Advice often given startups is to “fail fast and fail cheap.”
In other words, get a cheaply made product to market that you expect to fail but can get feedback from to make a better product.
Gary De Jesus, who advises startups and small businesses through his YBG Ventures , hates that idea.
“You don’t just throw a rock outside and say, ‘Let’s continue to iterate on this rock so that it becomes a rocket.’ It will never work that way,” he said. “It’s not designed to fly unless you throw it.”
Better, he said, to invest some time into creating a good first product and deciding what you want to learn from it. Otherwise, you’re just planning to fail.
What are his credentials?
De Jesus, 54, of Anderson Township, worked for Procter & Gamble in brand management for nearly 18 years, then worked for the marketing agency MKTG’s Cincinnati office for two years.
In 2011, he left MKTG to became a part-time professor of marketing at Northern Kentucky University. He also created YBG — it stands for Your Brand Group — which now has five full-time employees and takes on a handful of clients at a time. De Jesus declined to say how much money the Covington company makes.
His company helped Walton, Ky.-based Rem Brands Inc. come up with taglines for two of its odor control products, ODOGard and Whisper, said Rem Brand CEO Dave Schneider.
For ODOGard the tagline is, “Smell nothing,” and for Whisper it’s, “Refresh your world.” Both are great because people get the message right away, Schneider said.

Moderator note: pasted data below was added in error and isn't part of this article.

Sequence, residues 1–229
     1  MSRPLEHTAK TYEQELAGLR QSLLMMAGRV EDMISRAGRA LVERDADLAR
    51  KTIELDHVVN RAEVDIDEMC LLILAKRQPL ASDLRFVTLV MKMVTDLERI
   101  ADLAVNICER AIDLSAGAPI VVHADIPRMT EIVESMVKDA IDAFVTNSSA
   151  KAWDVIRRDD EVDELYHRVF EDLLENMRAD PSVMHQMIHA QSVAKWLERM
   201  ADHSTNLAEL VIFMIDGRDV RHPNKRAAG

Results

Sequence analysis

What does De Jesus tell startups about marketing?
That they have to own their marketing strategy and brand strategy — they can hire a consultant to help them do that, but they can’t outsource it.
How can they develop those strategies?
“It starts with understanding the what and why of the brand,” he said. “What greater or higher-order value does this brand serve?”
“Once you understand that and your target audience, you can craft almost everything,” he said.
To differentiate itself, a startup must be able to communicate specifically how its product or service is better than anyone else’s, he said.
“It’s not what you believe, it’s what you can honestly claim,” he said. “More importantly, it’s what you can claim that nobody else can claim.”
What marketing mistakes do startups make?
No. 1, they view marketing as an expense rather than a strategy. “If you don’t have a strategy, you’re really not planning for the best execution,” De Jesus said.
Another is that they don’t do enough research, especially of their target audience, and tailor marketing to that audience. “If you try to create a message that’s relevant to everybody, it will be relevant to nobody,” he said.
Too many startups are looking for just a good logo and tagline, he said, which should result from a process of figuring out what their company’s all about.
“Just because you have your name in some font does not mean the brand will stand out,” he said. “Some of the greatest marks are so brilliant because they’re simply designed.”
His favorite is Apple’s apple-with-a-missing-bite, he said, because it says so much about who they are.
He works with his clients to distill who they are into a three-word tagline, he said, which is very difficult to do but pays big dividends. Think of Nike’s “Just do it,” or BMW’s “ultimate driving machine.”
Some companies succeed with longer taglines, such as M&M’s “melts in your mouth, not in your hand,” he said. But it takes millions of ad dollars to make that happen, he added, which most startups don’t have.
A pithy phrase that explains who the startup is helps differentiate it from the competition. The average consumer gets thousands of ad messages a day, De Jesus said, and if your company’s isn’t highly differentiated, “you are just noise.”